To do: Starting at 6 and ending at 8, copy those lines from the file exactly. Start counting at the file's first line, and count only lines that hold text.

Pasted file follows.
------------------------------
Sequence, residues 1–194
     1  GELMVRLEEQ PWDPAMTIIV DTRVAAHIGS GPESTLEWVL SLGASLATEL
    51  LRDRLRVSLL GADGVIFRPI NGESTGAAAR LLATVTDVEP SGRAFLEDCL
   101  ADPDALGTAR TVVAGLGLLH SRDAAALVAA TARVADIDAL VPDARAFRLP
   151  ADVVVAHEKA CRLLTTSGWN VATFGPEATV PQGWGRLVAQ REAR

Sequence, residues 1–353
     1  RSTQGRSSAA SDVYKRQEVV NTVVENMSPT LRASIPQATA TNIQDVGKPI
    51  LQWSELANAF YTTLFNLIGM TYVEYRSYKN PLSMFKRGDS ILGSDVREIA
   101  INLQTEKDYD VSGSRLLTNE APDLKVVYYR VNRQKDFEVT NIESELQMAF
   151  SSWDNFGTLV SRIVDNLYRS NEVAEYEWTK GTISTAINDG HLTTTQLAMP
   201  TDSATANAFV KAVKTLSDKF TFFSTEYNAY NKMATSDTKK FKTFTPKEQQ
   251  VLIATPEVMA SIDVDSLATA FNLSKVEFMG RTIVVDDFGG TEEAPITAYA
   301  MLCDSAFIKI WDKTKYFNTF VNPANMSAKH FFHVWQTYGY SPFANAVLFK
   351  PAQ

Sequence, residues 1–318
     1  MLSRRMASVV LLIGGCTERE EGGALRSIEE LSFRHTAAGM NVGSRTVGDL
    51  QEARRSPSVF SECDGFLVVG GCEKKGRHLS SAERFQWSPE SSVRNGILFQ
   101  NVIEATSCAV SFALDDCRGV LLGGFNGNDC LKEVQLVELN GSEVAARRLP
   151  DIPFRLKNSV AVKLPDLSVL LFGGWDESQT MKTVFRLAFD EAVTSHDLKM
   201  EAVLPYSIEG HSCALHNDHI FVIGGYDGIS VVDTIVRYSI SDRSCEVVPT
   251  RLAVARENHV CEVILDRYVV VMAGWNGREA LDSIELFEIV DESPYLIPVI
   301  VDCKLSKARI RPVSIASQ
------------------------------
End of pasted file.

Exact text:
Sequence, residues 1–353
     1  RSTQGRSSAA SDVYKRQEVV NTVVENMSPT LRASIPQATA TNIQDVGKPI
    51  LQWSELANAF YTTLFNLIGM TYVEYRSYKN PLSMFKRGDS ILGSDVREIA